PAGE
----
So, yea, the teacher in me was thrilled with the offerings and the flow. All in all, well done us!
Yes, well done. But that doesn't mean we did it all right. Almost from the moment we created the event, we were given pushback from the larger community. No ugly trolling, mercifully, but general inquiry and questioning.
If you know me in the real world, you know I am super self-deprecating. The truth is I can poke fun at myself but I do NOT like to mess up. I.do.not. Not one little bit. So owning where I didn't do the best job is agonizing.
But if white women are going to stand in our roles as allies and amplifiers, we need to get a bit more comfortable being told when we drop a ball, intentionally or not. It was a message I heard loud and clear at the recent panel on intersectional feminism Jenna Blazevich organized and my younger-than-me role model Taylor Bryant participated in. WE HAVE TO BE ABLE TO HEAR WHERE WE'VE FAILED when we = me and me = white, straight, at least middle class, able bodied, cis lady.
So, then, in the spirit of Forth's deep invested in reflection, I dug in. The good, the less than good, the opportunities. Here are six things I tried to do and could've done better, in the order in which they happened.
Six Lessons Learned
get over yourself and Ask for what you need. ask for what you might not even know is possible.
Initially I had hoped maybe a few of the women I already knew who ran their own businesses would want to get together on the strike day. Maybe some of them would need to work for some of the time so we could be super chill about where and what.
As difficult as it is for me to ask for help or as for a favor, I swallowed my inherent need to do it all myself and started asking if folks were interested. Marcy had reached out about collaborating for an event so I asked. She offered The Living Room, just about the most perfect space ever. Cozy and malleable and beautiful. I tossed in our Forth member group if anyone would want to, you know, do a thing. I asked a neighbor who's a talented musician if she might want to come and sing with us. Once the event went public, women I didn't know (yet) offered to bring supplies. The responses blew me away. It was like Yes Town. People wanted to see this day be successful.
It was a really important reminder that any pride I'd get out of sweeping my arms past something of my own creation with eyebrows raised is trumped, eclipsed and surpassed by what a group can do together. Ain't that solidarity?
Listen to (reasonable) criticism with an open mind. defensiveness doesn't help get much done.
When you think you are doing something awesome and someone pushes back, do you get defensive? I sure do. When the first feedback for the event that came in was "This is awesome!" I though "You bet it is!"
And then we got the first few comments asking questions or challenging things. We'd worked hard (in the short time we had) to be intersectional and inclusive, to include and connect. I got mad. I can own that. How dare someone not be just straight up grateful? I was giving time, energy, sleep willingly!
There were some things I couldn't do anything about, including the one asking us to change the date. I am not sure I have much sway with the International Women's Day organizers so I let that one go.
But the rest, I needed to be open minded to. I needed to not be defensive. I needed to exhale and listen, read the comments and not immediately dismiss them because my feelings were hurt.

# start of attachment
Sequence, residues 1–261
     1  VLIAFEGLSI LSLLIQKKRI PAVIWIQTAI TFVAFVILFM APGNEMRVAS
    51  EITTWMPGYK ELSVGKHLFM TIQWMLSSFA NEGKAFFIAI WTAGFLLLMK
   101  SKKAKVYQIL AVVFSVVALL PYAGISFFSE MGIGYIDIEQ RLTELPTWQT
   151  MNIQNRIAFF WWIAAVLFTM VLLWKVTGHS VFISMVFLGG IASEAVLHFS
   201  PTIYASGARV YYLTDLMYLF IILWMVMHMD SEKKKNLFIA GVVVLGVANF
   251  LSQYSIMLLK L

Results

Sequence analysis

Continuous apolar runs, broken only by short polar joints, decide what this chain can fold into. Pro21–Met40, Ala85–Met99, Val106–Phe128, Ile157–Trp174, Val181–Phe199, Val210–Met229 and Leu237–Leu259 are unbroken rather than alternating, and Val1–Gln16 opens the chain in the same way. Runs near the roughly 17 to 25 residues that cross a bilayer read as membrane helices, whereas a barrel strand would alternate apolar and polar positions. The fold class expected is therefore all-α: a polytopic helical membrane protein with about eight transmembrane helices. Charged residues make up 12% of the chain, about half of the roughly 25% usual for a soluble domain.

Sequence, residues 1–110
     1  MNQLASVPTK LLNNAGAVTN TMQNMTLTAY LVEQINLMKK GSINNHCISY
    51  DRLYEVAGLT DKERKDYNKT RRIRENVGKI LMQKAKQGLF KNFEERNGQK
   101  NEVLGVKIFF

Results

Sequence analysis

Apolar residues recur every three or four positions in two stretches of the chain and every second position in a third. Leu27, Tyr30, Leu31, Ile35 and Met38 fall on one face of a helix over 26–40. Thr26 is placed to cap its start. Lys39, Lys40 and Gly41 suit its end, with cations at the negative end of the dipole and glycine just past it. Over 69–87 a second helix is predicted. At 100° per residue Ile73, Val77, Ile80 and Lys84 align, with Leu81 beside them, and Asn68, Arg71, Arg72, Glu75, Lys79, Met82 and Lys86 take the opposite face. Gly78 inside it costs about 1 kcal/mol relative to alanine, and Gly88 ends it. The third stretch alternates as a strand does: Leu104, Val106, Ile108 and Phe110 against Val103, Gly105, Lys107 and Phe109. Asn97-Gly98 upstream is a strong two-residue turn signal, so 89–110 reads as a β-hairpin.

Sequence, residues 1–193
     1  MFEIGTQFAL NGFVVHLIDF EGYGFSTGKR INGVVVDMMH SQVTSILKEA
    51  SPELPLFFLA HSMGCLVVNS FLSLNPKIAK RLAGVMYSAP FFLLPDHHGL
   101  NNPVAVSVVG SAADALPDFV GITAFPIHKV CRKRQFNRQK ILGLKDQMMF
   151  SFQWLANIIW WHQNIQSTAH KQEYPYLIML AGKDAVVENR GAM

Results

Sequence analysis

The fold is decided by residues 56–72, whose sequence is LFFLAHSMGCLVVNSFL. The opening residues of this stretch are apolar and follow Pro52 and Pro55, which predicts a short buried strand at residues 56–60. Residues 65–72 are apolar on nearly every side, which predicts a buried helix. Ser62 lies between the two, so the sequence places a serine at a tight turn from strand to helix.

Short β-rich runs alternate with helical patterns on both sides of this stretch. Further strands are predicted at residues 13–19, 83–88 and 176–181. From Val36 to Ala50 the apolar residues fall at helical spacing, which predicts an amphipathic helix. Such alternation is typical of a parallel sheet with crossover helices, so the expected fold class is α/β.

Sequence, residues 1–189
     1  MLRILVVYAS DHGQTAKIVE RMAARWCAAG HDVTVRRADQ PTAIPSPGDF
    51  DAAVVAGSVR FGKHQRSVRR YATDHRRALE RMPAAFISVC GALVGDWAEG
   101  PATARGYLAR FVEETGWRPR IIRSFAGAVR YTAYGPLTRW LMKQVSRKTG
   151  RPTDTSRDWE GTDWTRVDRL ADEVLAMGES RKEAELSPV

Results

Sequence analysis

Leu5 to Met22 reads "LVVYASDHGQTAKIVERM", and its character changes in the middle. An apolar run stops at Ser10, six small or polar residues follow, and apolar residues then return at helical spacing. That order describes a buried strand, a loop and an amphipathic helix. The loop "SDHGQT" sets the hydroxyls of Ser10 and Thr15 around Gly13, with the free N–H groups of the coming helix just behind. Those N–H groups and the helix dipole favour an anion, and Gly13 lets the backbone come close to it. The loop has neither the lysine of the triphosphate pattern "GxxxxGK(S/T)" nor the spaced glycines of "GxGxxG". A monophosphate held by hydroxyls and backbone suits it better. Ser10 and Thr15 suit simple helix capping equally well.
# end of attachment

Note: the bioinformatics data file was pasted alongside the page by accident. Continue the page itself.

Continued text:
Share your perspective. sometime education and information can go along way.
Once I got off my high horse and looked around I realized the best first thing to do was engage and educate. For many women coming across the event, it looked awesome but might be without context. They might not realize Forth is at its core an organization for, by and about women entrepreneurship. They might not see that all of our founders are moms or were, on the day of the event, literally in the process of becoming a mom.
To engage calmly and respectfully meant reading what these folks were saying and considering it. No knee-jerk reaction, no blocking comments. No ignoring. Engaging and offering the reasoning behind what we were doing. The why that surrounded the what, where and who. Thanking people for writing, assuming the best of their comments and questions (again, because nothing felt troll-y) and then responding while consciously not getting peeved. Did I complain a bit behind the scenes? I did and I can own that. But we tried to have our responses be representative of the spirit of the event.
Where you can and whenever you can, make the thing you are doing even better.
The first improvements came before we ever went live. Having team members review what was going up meant seeing the ways I missed a chance to be more inclusive. I'll own that I mentioned as many aspects of diverse female identity as I could and missed remembering to see how accessible the space was. It was another set of eyes, our rad intern Amelia, who caught that.
In some cases, engaging meant a simple explanation like "I wish we could! But we can't. Here's why." and then being ok that we might disappoint someone.
And in other cases, it meant mindfully adapting the language of the event based on feedback. Did we mean to say it that way? How could we say it better?
A last example was reimagining some of the event based on the feedback. While we couldn't accommodate older kids all day, how could we think creatively to try to incorporate them? Shannon, the protest song singalong leader, was open to kids attending her end-of-the-day portion which was planned for right as school got out. Did we have a thousand kids show up? We didn't, but intention matters even when impact isn't ginormous.